A recent survey has prompted estimates that absenteeism is costing the Australian economy $28 billion in lost productivity and wages per annum, with the public service alone bearing costs of $1-$1.5 billion.
The survey of over 100 employers by absence-management firm Direct Health Solutions, also exposes the fact that Australia’s average absence levels are 8.75 days per worker, almost one-third higher than UK sick leave rates.
Another key finding is the fact that heavily unionised workplaces have higher rates of sick leave (21 per cent higher than non-unionised workplaces), with management finding it more difficult to address absenteeism in the face of union power.
The worst industries for absenteeism are telecommunications, utilities, call centres, tourism and hospitality and government. The best industries are retail, manufacturing and information technology.
Eighty-three percent of employers believe between 10 and 25 percent of sick leave is non-genuine.
One distinct problem is absenteeism around public holidays and weekends – absenteeism reached around 30 per cent at some parts of Toyota after Australia Day this year, prompting a tough management response, and the Monday before Melbourne Cup Day sees an annual epidemic of “sickies” in Melbourne. An audit of NSW teachers this year found that sick leave rates are a third higher on Mondays and Fridays than other weekdays.
While absenteeism is a major problem, there is no silver bullet solution, only silver buckshot.
Encouraging staff to stay healthy and exercise, with incentives such as subsidised gym memberships and breaks for movement and stretching for deskbound workers is one solution. A recent survey of 1,000 workers across six government departments found that 85 per cent of those who spent more than eight hours a day working at a computer experienced neck pain. State Governments such as the Victorian Government are rolling out WorkHealth programs that offer free health checks and incentive payments for the implementation of policies that promote employee health.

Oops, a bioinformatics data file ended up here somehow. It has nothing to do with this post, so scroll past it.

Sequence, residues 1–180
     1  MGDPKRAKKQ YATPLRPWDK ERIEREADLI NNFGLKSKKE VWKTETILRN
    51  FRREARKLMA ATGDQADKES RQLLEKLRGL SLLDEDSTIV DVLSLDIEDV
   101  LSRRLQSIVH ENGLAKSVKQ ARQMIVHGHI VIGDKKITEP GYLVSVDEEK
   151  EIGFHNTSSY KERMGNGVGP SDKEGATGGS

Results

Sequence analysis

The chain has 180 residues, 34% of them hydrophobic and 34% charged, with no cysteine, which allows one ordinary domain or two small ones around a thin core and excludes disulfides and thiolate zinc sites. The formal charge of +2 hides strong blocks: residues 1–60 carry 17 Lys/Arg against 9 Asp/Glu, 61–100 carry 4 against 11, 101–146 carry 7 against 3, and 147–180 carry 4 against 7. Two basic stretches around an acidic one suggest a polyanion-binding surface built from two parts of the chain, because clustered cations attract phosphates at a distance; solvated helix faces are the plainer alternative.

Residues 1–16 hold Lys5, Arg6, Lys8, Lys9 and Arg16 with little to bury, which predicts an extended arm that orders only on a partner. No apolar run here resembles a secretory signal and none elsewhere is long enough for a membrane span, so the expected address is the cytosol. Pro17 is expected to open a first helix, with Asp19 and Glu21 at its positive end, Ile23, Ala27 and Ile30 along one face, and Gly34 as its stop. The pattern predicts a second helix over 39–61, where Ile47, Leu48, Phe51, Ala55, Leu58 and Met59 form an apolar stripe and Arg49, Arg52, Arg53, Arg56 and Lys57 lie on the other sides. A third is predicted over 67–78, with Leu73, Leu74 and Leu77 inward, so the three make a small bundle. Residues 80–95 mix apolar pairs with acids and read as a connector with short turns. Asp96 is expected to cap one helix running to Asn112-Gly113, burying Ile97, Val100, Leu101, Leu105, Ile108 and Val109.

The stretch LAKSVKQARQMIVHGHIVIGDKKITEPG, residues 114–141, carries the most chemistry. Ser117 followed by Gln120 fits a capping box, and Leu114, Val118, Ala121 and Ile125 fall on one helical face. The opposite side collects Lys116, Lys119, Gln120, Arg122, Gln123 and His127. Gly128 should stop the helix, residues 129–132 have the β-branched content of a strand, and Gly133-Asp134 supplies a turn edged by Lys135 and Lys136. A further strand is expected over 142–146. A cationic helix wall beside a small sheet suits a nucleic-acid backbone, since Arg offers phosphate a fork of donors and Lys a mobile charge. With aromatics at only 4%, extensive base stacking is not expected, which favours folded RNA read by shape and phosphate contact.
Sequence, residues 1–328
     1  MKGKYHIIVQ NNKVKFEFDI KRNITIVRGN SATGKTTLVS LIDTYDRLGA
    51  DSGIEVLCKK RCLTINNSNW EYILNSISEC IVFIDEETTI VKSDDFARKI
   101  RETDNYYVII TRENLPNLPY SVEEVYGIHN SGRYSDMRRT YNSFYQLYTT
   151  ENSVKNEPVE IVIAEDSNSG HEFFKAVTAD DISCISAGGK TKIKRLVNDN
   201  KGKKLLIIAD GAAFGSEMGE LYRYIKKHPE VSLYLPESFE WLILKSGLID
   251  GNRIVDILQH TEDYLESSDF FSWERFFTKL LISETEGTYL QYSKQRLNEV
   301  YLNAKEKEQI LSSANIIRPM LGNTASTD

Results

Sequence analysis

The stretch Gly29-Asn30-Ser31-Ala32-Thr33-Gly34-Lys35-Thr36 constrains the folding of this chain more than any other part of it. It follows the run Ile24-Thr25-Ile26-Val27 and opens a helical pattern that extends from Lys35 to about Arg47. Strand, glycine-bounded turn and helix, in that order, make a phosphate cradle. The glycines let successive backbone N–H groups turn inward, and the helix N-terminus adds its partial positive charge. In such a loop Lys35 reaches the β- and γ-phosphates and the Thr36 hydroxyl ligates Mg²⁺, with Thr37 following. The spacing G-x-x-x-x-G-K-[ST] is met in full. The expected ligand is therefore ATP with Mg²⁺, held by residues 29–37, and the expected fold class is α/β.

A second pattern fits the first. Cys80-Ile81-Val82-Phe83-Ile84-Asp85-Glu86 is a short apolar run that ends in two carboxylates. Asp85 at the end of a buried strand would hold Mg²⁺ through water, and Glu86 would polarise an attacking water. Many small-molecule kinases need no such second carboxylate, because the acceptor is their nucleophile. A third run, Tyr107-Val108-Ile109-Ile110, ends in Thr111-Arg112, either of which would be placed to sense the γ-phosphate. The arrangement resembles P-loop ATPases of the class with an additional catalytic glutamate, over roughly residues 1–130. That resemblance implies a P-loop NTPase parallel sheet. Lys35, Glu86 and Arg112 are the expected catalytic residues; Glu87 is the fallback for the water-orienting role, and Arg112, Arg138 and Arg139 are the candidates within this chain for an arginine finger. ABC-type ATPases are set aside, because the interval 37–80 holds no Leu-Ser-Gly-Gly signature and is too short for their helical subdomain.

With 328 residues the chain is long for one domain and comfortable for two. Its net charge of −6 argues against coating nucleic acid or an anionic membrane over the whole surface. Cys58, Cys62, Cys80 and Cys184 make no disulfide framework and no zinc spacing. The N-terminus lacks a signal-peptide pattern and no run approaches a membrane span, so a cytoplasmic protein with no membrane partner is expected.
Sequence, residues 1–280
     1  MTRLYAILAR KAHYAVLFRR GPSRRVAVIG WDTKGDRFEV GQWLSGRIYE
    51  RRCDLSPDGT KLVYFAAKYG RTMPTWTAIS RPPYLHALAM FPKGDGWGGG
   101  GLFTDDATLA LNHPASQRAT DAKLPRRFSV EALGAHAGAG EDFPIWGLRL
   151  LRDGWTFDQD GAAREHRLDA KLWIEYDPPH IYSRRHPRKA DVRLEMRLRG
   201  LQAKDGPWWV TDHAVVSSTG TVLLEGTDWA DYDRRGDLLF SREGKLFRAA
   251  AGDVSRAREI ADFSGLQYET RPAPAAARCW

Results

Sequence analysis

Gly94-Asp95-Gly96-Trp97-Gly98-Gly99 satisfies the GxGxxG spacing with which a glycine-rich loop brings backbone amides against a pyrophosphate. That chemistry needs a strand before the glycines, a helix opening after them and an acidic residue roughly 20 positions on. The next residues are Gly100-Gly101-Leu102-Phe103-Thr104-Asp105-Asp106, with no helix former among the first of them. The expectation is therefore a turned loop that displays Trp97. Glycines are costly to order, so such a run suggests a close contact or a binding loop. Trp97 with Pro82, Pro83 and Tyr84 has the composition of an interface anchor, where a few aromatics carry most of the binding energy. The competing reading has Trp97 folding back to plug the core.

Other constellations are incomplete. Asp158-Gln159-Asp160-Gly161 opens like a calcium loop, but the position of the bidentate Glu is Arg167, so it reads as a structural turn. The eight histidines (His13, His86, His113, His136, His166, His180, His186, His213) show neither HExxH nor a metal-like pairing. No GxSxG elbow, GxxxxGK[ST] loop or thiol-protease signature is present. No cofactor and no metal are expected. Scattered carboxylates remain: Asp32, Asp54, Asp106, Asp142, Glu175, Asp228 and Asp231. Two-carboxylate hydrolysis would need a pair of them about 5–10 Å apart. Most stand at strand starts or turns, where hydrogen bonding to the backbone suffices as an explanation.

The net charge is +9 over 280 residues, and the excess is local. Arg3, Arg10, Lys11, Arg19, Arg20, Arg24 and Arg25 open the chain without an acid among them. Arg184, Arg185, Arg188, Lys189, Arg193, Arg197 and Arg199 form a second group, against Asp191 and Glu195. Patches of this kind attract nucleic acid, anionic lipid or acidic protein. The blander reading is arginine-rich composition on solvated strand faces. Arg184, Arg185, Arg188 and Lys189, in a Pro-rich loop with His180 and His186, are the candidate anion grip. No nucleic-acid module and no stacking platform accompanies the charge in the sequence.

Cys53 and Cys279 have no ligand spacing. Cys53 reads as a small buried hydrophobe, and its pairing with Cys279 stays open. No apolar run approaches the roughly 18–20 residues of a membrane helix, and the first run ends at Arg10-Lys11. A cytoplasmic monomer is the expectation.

It is no coincidence that there are higher rates of sick leave in large, particularly public sector, organisations, where employees are less likely to be engaged. iHR believes a key aspect of managing staff turnover and promoting productivity is around leadership and engagement – an interested and engaged workforce is less likely to want to “chuck a sickie”.
A sick leave policy for all businesses, large and small, is essential. This not only enables recourse for managers to take action against sick leave malingerers and abusers, but also sets out and communicates clear expectations to staff. One well-used plank of a typical sick leave policy is the requirement for a medical certificate to be presented for an absence of a certain length or an absence immediately before or after a public holiday.
iHR recommends well-defined and documented policies and procedures that minimise legal and business risks and enable staff to understand an organisation and its policies, such as those around sick leave.